There has been a lot of attention on the so-called STEM careers — science, technology, engineering,
and math — and rightly so. At a national level, we are falling behind other countries in STEM performance in the classroom and in the workforce. At a local level, we rightly recognize the importance of early STEM exposure to kids in communities already beset by high unemployment, lest we inadequately prepare them for the kinds of jobs that they will be competing for when they grow up. All well and good.
However. If, in advocating for STEM, we run roughshod over the importance of a strong liberal arts education, I would like to get off the bandwagon. The liberal arts have been beat up of late, whether it is mocking students going into debt to get degrees that seem to have no connection to our modern economy, or hating on students even more for having so much privilege that they can do something as seemingly wasteful as that.
To be sure, if college is just about partying, skating by on a fun major, and then wondering aloud why the economy has left you behind, then that’s one thing. But there is still much to gain from a strong liberal arts training. As we study the brain more and more, we are learning so much about how innovation happens, and a lot of what is important relates to drawing from diverse perspectives.
This has implications for how we assemble teams as well as how each team member can best play their part. “Connecting the dots” requires knowing something about many different dots, and the more disparate the more interesting the connections. As a result, paradoxically the best way to be the best in a given field is to intentionally not just study stuff in that field, but to make sure we are rounding out our information intake with other subjects, even things that seem wildly irrelevant.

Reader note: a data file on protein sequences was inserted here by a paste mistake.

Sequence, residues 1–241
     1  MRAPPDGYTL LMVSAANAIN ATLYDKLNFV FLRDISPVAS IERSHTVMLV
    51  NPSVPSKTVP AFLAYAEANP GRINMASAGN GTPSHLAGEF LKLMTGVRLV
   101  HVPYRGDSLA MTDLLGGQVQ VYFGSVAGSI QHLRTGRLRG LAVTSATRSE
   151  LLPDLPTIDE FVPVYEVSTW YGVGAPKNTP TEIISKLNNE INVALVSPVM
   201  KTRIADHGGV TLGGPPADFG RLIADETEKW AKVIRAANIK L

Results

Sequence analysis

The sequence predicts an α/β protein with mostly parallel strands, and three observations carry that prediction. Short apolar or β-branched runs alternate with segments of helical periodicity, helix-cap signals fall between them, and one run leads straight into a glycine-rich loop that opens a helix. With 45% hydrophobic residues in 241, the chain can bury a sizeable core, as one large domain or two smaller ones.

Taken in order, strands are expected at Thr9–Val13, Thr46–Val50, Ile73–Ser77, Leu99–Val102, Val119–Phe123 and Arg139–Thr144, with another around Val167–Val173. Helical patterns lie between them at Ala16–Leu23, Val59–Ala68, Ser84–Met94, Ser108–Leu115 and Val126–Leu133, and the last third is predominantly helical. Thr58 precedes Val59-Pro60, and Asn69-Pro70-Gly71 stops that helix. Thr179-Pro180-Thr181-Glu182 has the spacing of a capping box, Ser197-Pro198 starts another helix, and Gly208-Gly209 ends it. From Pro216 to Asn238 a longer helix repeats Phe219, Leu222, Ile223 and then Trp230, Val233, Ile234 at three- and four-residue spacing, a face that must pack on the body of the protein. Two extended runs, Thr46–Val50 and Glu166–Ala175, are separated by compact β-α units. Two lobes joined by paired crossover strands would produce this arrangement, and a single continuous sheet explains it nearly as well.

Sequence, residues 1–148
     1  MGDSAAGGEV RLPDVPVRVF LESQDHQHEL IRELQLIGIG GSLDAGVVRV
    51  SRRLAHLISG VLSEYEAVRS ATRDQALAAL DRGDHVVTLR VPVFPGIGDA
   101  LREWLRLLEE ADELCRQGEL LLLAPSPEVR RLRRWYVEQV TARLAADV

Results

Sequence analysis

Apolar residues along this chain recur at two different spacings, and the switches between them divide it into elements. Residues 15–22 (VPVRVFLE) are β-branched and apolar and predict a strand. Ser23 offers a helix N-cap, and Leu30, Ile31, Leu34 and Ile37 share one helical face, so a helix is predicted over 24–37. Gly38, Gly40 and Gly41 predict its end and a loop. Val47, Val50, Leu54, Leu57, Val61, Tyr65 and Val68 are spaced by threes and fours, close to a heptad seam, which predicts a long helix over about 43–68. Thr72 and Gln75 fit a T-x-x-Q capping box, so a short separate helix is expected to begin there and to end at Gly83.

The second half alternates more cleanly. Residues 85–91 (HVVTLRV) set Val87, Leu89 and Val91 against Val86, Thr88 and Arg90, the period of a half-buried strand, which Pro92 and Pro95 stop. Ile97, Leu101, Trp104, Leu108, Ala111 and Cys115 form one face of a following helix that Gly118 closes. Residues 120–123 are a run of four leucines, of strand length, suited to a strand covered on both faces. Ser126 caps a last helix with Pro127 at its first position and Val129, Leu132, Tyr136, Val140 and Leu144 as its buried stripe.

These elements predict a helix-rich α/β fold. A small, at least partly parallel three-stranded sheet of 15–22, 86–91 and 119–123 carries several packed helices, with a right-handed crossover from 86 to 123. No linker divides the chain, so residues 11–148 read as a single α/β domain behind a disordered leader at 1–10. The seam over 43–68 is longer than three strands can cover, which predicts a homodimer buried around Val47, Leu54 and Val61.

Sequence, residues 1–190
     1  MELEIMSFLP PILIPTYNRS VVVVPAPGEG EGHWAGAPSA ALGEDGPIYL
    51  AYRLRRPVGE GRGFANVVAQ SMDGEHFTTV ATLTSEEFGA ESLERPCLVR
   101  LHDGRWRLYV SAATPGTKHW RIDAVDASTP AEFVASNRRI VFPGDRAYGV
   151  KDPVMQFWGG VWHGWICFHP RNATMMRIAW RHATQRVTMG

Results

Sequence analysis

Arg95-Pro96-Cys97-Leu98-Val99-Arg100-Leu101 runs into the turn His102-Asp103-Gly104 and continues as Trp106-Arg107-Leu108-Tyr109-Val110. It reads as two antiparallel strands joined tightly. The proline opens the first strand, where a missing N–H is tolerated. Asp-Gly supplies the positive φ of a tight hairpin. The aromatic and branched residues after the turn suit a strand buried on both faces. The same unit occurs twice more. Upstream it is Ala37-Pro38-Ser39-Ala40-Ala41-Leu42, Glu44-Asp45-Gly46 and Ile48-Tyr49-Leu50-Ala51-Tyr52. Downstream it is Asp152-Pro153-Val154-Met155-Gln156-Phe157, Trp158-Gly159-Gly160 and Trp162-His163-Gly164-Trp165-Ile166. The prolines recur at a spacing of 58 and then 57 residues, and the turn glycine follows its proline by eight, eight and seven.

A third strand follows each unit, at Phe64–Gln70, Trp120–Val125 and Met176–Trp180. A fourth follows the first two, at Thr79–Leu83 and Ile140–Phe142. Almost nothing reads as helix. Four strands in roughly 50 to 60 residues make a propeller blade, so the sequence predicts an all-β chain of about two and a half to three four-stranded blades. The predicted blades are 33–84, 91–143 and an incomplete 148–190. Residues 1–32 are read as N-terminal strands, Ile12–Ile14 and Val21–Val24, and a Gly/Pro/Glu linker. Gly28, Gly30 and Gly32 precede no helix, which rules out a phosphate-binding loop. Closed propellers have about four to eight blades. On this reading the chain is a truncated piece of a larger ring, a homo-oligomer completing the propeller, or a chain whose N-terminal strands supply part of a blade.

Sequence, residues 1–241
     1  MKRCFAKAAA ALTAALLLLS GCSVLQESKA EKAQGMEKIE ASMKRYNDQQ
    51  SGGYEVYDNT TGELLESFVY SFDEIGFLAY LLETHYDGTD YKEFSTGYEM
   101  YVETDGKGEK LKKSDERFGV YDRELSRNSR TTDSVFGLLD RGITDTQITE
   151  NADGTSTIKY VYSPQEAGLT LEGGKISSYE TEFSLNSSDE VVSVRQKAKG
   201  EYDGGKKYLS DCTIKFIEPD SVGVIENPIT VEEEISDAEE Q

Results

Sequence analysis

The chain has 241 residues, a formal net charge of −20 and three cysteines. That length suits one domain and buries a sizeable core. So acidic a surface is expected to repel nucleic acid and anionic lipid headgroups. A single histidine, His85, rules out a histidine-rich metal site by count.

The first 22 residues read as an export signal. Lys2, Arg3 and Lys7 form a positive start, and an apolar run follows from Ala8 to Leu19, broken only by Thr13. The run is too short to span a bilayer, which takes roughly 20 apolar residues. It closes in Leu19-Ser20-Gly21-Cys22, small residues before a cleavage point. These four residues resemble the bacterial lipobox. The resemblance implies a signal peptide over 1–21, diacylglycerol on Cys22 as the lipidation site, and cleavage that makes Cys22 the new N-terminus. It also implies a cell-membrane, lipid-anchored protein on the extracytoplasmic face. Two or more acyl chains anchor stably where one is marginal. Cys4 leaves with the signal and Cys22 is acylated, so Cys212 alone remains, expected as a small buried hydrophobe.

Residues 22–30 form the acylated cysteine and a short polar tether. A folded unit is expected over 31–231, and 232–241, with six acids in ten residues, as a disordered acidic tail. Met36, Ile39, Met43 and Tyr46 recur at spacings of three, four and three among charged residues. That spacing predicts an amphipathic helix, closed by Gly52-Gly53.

Two examples from my undergraduate days. The first was before I was even a student. I was visiting the Penn campus during my senior year in high school, and had a chance to meet the person who would be my Wharton advisor. As we chatted in his office, one of his students, a sophomore, popped her head in the office and said she had gotten a random opportunity to study marine biology in the Caribbean. Without hesitation, my future advisor said, “Go.” She protested, saying she was a finance major and was angling for an investment banking job upon graduation. “Wall Street can wait,” was his reply. “Go to the Caribbean and expand your horizons.”
The second was during my freshman stat class. A number of my classmates were also on the finance track, and moaned aloud about the science requirements they had to gut through. “What does physics have to do with my aspiration to be an investment banker,” wondered the ringleader of this group. Without blinking, our stat prof launched into an extemporaneous lecture on the famous Black-Scholes formula, which is the standard equation used to value stock options. Turns out it is based on an equation from physics, and its fundamental insight (Black, Scholes, and Merton would win a Nobel Prize for this) was that models used to manage the unpredictability of particles in motion could be applied to the unpredictability of financial assets as well. My classmates’ jaws were agape, and if our stat prof had a mic he would’ve dropped it and exited stage right.
And so it is that while I cheer on those who are advocating for the STEM fields, I am also hoping that we are saying yes to the liberal arts too.
Originally published on Blogger